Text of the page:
Watching a film under the stars, from eight years ago with a little girl aged five or six on the first row, makes any Kong soften. The idea of the film is very good, and the thought that cinema brings reality to New York and by doing that brings also so much horror...It is a film very literal about cinema and the effects for the time must have been awesome. A forward travelling scene with a dolly stuck to my mind...
Great Cinema. Everything here is better than perfect, from all the thousands of small details, to the big things: Magnificent cinematography that makes me want to freeze-frame every few minutes or seconds, the direction, acting, script, and the story, so uniquely self referential, like facing two mirrors together. At the beginning Carl Denham tells us the plot of the film he is making, and it is the film we
The sexual politics and awkward theatrical style have, shall we say, dated. But viewing King Kong today from a totally impartial and adult perspective, I like it more than ever: it's a model of dramatic pacing, you can still feel the thrill of FX as an act of discovery, and on the edges is a provocative look at the ruthless showmanship that allowed movies to put their stamp over reality. "Seeing is believing" indeed.
The Mother of all Monster Movies bar none!!! Willis O' Brien ... Max Steiner ... Fay Wray ... these are three of my favorite things!!! I still remember seeing this movie as a 2-year-old on Channel 9's "Million-Dollar Movie" around the Holidays in the late '70's. Dinosaurs, monster-gorillas, and scantily-clad blondes became the chief "milk-and-cookie break" topics for like the next 7 years after!!!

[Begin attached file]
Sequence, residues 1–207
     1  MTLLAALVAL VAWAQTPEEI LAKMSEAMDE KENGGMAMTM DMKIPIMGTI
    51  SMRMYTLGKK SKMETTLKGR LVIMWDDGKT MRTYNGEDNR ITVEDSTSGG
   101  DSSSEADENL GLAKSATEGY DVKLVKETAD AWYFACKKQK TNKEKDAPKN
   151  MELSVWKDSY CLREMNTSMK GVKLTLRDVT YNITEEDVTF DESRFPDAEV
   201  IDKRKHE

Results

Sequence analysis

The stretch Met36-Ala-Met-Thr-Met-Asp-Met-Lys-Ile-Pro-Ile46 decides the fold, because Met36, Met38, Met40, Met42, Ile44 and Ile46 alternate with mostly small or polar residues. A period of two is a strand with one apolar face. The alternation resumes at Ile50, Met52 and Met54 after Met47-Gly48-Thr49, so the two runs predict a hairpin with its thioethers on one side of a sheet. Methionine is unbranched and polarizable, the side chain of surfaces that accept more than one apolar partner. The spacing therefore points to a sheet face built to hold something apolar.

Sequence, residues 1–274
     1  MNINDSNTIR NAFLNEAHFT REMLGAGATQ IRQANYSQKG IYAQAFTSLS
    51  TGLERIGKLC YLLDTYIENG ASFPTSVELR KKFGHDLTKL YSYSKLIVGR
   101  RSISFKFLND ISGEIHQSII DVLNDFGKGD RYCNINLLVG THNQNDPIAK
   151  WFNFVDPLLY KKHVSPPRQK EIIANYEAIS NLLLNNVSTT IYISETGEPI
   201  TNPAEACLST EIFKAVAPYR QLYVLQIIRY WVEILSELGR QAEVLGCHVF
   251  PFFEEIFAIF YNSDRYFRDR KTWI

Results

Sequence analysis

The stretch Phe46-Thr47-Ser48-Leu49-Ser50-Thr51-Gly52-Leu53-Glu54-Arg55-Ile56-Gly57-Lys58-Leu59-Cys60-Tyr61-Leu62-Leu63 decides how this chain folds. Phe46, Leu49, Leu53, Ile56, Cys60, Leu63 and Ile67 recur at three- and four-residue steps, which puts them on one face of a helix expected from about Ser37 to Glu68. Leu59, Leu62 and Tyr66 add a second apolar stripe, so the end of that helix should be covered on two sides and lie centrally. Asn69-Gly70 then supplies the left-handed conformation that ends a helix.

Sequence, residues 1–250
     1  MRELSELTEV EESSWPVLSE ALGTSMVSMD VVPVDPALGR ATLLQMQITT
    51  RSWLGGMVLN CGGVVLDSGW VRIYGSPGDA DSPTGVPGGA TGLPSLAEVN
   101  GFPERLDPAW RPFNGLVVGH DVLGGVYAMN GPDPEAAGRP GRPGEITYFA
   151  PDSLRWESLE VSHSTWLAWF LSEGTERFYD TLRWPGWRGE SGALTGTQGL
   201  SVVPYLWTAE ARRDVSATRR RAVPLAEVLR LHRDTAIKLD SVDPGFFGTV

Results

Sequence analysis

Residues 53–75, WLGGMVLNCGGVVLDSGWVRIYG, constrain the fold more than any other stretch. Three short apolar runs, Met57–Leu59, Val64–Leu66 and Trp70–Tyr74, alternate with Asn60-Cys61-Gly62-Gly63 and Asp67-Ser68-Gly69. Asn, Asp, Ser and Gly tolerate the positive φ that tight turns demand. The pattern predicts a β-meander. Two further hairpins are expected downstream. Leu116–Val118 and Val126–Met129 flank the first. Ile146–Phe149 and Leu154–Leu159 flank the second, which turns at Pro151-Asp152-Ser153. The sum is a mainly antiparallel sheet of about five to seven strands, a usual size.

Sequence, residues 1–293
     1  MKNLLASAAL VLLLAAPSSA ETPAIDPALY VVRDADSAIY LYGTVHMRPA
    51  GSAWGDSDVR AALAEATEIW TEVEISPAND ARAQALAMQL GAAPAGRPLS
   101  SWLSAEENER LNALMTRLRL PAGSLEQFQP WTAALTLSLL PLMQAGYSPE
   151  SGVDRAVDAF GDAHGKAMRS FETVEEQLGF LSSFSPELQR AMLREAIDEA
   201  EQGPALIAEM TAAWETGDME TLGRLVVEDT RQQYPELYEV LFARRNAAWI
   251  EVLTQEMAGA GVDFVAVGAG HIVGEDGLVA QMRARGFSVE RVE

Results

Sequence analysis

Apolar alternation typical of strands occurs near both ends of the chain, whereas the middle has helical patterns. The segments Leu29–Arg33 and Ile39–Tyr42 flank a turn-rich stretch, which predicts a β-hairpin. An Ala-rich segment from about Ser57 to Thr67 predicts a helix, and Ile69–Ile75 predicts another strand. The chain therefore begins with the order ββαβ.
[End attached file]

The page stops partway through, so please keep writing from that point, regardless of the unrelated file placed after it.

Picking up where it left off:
Definitely deserving of its classic status. Special effects are well ahead of its time, there's everything you need from a jungle adventure, and some of the action sequences are riveting even today. Then again, the pacing is not the greatest and I'm generally not interested in monster flicks with gigantic animals. Entertaining but occasionally drawn out.
It must have been the greatest show on earth for sure, back in 1933 and for quite some years. Not only did it trigger Toho kaiju movies, and probably give Japanese a excuse to create amazing cinema with Inoshiro Honda, but the film is insane with brutality. King Kong here really is a beast, without being loved by Ann Darrow at all, which make it a thougher film about passion.
I love Peter Jackson's King Kong even more after seeing this 1933 original because it shows just how far cinema has come since. I was born into the new age of cinema, and I admit one of my afflictions as a film buff is warming up to the classics. But is it so wrong that this annoyed the living hell out of me? Scream after scream after scream... It damn near drove me insane.